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VERIFY: Is the U.S. paying more money for gas than other countries?

Thanks to our lower tax rate, U.S. gas prices are lower than many industrialized countries. But globally, the U.S. falls in the middle range for price at the pump.

ATLANTA — Prices at the pump continue to be in sharp focus right now, and 11Alive News viewers reached out to the Verify team asking how gas prices in the United States compare to pricing around the world. 

The debate has some online even pointing to the U.S., claiming the country still has it pretty good compared to the rest of the world. 


Are U.S. gas prices per gallon lower than other countries?



Thanks to our lower tax rate, U.S. gas prices are indeed lower than many of our counterparts in other industrialized countries. But looking at the big picture, the U.S. traditionally falls in the middle range compared to the majority of countries.


As of March 21, data from GlobalPetrolPrices.com reports the average price of gasoline around the world is $5.04 per gallon, but the range between countries is significant.

Venezuela, for instance, pays the lowest price at ten cents a gallon while Hong Kong tops out at more than ten dollars.

"All countries have access to the same petroleum prices of international markets but then decide to impose different taxes. As a result, the retail price of gasoline is different," the site states.

Medlock explained the variations further. 

"Most European countries and Asian countries that are in the OECD have really high tax rates on fuel that is delivered to customers at the pump," Medlock said. "So that's the primary driver of the differences."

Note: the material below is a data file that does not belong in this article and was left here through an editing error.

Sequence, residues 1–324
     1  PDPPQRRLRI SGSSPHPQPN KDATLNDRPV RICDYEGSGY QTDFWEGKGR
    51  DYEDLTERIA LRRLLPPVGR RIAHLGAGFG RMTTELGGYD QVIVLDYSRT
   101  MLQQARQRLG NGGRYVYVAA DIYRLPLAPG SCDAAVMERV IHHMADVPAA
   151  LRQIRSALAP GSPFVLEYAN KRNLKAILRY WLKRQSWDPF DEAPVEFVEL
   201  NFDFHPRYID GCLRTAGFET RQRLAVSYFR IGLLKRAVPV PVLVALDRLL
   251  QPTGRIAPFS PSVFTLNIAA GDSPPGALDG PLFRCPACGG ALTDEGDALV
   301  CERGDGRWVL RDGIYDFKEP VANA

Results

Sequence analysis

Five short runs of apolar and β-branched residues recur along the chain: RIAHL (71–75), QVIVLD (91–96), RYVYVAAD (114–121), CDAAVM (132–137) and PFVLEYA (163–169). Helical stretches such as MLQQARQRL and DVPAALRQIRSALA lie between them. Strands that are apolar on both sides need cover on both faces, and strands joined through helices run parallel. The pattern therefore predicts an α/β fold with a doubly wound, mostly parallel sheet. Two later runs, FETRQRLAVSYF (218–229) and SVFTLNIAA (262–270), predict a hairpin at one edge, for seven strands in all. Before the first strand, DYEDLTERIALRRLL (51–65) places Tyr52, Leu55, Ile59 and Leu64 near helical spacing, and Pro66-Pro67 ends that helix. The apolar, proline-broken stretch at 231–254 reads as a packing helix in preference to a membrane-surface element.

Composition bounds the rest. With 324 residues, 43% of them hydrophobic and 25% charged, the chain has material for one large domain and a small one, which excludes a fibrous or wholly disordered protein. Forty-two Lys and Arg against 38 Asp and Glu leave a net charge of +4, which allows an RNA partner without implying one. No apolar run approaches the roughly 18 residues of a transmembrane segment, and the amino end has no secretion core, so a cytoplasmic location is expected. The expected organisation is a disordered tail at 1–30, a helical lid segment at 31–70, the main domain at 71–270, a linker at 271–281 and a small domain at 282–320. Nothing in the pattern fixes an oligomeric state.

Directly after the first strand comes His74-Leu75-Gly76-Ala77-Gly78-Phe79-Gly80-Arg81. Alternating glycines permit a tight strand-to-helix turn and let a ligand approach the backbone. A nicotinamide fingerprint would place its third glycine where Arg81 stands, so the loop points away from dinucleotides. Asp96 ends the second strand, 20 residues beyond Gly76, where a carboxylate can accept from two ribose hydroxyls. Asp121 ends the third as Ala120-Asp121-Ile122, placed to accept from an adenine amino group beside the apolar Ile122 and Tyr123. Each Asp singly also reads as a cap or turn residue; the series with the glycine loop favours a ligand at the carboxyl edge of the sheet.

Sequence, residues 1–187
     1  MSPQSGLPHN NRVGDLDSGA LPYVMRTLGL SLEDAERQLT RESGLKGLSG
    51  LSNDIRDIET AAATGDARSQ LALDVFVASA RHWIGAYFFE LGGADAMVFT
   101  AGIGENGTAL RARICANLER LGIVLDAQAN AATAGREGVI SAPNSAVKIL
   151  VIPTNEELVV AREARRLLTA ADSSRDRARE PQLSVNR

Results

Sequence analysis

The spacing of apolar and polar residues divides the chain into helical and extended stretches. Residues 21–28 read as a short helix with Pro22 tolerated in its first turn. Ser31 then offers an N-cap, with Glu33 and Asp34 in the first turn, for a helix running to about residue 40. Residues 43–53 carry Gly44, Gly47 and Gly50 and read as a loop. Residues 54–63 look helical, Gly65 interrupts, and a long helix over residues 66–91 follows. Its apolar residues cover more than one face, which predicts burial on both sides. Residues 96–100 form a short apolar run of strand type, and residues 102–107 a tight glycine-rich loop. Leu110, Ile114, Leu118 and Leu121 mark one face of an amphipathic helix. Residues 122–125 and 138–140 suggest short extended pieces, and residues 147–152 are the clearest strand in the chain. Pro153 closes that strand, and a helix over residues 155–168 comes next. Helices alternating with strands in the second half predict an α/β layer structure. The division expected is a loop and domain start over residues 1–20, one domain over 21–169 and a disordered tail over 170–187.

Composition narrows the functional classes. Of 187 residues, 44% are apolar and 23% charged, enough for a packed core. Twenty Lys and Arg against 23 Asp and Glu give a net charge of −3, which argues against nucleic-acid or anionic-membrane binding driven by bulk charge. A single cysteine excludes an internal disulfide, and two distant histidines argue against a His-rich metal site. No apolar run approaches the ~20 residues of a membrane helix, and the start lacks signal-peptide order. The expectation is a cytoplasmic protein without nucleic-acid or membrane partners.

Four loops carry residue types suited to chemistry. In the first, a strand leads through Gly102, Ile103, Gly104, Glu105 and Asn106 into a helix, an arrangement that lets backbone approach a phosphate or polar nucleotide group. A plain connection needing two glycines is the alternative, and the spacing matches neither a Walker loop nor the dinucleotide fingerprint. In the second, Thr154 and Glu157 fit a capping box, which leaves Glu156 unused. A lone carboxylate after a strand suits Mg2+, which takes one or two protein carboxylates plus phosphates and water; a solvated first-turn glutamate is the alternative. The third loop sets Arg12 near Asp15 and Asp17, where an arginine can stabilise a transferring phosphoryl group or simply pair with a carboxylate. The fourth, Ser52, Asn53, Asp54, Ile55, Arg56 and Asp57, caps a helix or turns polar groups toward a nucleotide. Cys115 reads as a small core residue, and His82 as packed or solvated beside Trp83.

Credit: GlobalPetrolPrices.com
This information on gasoline prices is from March 21, 2022.

GlobalPetroPrices sums it up by explaining wealthier countries tend to have higher prices while poorer countries and those that produce and export oil are often lower. However, the United States is an exception to that generalization, ranking 73 out 170 countries the site tracks.

"Generally, the United States is kind of the middle of the pack in terms of price at gasoline at the pump," Medlock explained. "That's been true for a long time."

A snapshot from the U.S. Department of Energy shows the fuel taxes on gasoline and diesel fuel in the Organization for Economic Cooperation and Development (OECD) countries, illustrating how the U.S. gas tax rate is less than most industrialized countries.

While local and state taxes vary, the federal gas tax has stayed at 18.4 cents since 1993, and it would take an act of Congress to change it. 

As a result, U.S. gas prices are lower than many of our counterparts in other industrialized countries, thanks to our lower tax rate. 

When looking at the big picture, what Americans pay at the pump continues to be in the middle compared to much of the world.

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